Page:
WASHINGTON – The government issued cleanup standards Tuesday for a "dirty bomb" terrorist attack that would in some cases be far less rigorous than what is required for Superfund sites, nuclear power plants and nuclear waste dumps.
After such an attack, long-term radiation exposure could remain at levels that would be expected to produce cancers in one of every four people who return to the contaminated sites, anti-nuclear watchdog groups said after analyzing the new federal guidelines.
Dirty bombs — largely theoretical terrorist weapons — would use conventional explosives to disperse radioactive material without a nuclear explosion. Such weapons, which could use Cesium 137 or other radioactives, would be useful as terror devices because they can render an area dangerous or uninhabitable.
The guidelines issued by the Homeland Security Department say the impact from detonating a crude nuclear device or a dirty bomb could vary widely, from contaminating a small area, such as a single building or city block, to conceivably many square miles. So, it said, cleanup requirements also could vary widely.
In some cases, the document suggested, long-term radiation exposures of as much as 10,000 millirems per year — a level equivalent to hundreds of chest X-rays a year or 30 times the annual exposure to radiation from natural "background" sources — could be allowed for areas that are returned to general use.
If there is widespread contamination from a dirty bomb or an "improvised nuclear device" — which could cause a crude nuclear explosion — some areas may have to be put off limits permanently, the guidelines said.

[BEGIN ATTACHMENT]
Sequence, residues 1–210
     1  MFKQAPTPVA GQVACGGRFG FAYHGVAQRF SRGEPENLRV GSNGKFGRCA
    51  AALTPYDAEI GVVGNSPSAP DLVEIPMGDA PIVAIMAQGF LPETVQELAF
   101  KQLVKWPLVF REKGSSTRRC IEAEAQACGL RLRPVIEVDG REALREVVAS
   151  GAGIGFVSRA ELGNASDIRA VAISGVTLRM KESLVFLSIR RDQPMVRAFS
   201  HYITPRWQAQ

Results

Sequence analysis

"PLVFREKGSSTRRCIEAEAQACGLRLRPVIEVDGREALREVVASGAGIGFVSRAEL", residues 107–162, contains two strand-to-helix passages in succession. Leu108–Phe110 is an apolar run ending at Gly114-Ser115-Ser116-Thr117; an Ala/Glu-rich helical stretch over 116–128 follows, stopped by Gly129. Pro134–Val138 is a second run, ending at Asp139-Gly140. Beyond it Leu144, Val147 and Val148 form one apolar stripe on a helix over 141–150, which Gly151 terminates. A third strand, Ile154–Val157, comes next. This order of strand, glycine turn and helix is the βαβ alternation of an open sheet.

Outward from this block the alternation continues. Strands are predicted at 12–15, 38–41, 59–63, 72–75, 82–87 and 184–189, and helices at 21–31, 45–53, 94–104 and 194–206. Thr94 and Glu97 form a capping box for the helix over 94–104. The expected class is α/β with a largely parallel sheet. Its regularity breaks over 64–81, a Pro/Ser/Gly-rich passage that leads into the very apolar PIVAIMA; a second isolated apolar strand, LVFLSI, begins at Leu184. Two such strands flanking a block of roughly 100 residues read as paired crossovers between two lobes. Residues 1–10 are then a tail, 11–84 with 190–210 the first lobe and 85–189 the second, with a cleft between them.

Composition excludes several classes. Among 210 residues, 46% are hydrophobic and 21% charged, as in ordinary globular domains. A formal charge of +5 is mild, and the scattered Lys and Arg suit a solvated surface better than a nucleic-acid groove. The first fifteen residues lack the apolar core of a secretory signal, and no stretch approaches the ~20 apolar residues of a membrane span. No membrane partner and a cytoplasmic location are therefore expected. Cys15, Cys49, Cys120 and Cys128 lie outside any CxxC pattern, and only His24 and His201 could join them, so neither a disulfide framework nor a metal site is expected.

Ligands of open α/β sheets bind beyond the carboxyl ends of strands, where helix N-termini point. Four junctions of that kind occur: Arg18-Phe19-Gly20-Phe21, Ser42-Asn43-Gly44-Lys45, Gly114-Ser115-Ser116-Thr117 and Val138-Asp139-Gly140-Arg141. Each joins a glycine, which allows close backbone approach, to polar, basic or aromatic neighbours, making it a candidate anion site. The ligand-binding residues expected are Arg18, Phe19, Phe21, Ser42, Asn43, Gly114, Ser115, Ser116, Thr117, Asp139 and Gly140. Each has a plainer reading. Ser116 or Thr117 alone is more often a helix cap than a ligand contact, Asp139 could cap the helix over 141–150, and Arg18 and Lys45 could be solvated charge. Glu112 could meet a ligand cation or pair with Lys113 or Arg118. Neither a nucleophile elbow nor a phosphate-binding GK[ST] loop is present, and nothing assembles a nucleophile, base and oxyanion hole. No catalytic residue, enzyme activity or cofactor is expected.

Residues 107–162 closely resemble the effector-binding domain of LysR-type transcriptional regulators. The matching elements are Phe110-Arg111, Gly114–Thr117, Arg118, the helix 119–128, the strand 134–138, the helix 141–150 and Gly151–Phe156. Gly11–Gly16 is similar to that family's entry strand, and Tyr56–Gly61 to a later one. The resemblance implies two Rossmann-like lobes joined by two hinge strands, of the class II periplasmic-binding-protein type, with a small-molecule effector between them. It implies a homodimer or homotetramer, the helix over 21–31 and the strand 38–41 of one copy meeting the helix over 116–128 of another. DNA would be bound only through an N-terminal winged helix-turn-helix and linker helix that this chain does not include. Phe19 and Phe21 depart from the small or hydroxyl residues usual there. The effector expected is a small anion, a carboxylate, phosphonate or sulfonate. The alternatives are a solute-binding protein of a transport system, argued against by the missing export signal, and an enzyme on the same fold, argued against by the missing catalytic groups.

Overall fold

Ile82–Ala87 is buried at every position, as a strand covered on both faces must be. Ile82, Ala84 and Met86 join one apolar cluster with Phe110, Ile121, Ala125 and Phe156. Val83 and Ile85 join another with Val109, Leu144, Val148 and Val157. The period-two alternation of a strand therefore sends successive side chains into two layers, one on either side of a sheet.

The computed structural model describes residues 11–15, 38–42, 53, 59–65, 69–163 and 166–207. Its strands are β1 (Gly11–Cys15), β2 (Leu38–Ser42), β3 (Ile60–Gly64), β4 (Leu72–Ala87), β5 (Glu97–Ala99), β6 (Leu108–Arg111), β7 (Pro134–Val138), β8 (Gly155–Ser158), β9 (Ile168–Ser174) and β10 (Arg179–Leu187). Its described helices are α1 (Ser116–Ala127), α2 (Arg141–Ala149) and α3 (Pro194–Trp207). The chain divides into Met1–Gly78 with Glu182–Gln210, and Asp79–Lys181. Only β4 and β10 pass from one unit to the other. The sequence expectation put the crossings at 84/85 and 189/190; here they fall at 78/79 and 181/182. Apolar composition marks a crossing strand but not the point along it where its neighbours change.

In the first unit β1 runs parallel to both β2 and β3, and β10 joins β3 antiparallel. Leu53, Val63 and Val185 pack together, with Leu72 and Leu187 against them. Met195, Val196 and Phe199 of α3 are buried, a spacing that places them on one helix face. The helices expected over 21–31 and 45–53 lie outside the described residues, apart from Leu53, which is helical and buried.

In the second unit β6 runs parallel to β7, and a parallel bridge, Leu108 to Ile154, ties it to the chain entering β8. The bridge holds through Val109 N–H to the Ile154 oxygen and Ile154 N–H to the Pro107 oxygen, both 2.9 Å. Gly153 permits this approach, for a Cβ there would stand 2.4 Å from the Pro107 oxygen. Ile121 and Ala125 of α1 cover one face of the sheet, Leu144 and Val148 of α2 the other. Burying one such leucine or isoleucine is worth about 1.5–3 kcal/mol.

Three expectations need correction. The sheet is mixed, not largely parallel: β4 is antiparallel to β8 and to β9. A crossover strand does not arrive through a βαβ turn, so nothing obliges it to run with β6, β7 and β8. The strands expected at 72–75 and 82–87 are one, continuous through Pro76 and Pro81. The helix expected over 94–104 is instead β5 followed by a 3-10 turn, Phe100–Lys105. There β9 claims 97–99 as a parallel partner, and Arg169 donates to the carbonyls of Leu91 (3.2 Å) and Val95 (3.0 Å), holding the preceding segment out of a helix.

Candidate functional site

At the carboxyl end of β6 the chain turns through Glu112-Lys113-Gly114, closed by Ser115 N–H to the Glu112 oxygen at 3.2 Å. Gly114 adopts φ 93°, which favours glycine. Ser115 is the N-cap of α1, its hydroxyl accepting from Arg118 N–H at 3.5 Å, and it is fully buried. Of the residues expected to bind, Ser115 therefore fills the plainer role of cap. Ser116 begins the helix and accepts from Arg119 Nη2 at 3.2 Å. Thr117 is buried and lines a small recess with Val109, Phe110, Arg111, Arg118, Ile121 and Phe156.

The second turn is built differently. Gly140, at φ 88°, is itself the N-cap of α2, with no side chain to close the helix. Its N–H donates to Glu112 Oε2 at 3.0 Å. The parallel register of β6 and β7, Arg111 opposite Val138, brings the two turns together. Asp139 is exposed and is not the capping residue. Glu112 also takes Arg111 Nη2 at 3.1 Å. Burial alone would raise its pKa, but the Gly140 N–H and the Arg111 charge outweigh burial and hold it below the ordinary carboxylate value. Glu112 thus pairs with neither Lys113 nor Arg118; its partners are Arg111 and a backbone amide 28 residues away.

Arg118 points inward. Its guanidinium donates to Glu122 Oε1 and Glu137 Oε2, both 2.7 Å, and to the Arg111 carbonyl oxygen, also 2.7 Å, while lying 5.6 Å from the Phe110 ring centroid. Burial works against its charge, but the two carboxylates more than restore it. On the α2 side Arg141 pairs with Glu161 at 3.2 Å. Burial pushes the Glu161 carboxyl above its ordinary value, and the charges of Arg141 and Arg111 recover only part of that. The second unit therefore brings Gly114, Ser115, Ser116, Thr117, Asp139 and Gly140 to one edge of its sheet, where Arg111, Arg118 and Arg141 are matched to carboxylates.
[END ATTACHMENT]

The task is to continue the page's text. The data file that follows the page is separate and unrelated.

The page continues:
The guidelines, which go into effect immediately but could be modified after a public comment period, brought sharp criticism from some environmental groups and nuclear watchdog organizations.
Long-term radiation levels of 10,000 millirems a year as would be permitted by the guidelines in some cases can be expected to produce a cancer in one of every four people exposed, said Diane D'Arrigo, of the Nuclear Information and Resource Service, a Washington-based nuclear industry watchdog group, citing government radiation risk assessments.
The federal guidelines do not establish specific numerical standards for cleanup, but they cite radiation "benchmarks" established by other agencies or international organizations that would be acceptable.
Among those benchmarks that could be used under the guidelines is one established by the International Commission on Radiation Protection which cites a long-term release of 10,000 millirems a year as an acceptable exposure standard after cleanup.
By comparison, the Nuclear Regulatory Commission does not allow exposure to the public of more than 100 millirems per year in its cleanup standard. The exposure at a future Yucca Mountain nuclear waste site has a limit of 15 millirems. Background radiation from natural sources averages about 350 millirems, while exposure from a chest X-ray is about 6 millirems.
Donald Tighe, a spokesman for the White House Office of Science and Technology, said the guidelines specifically avoided setting a numerical cleanup standard for long-term radiation exposure. Instead, he said, it is hoped the guidelines will help state, local and federal officials choose appropriate cleanup standards depending on circumstances.
"It would be very inaccurate for anyone to characterize this as leaning toward any one side of the range of (cleanup) standards" that might be available, said Tighe.
But Daniel Hirsch, of the Committee to Bridge the Gap, a nuclear watchdog group in California, said the guidelines are so lax that it opens the way for cleanup efforts to fall short of what is needed to protect public health.
The Department of Homeland Security "is proposing a nuclear Katrina, a formal policy of allowing the public to be exposed to massive radiation doses from a dirty bomb while the government does nothing to protect them," he said.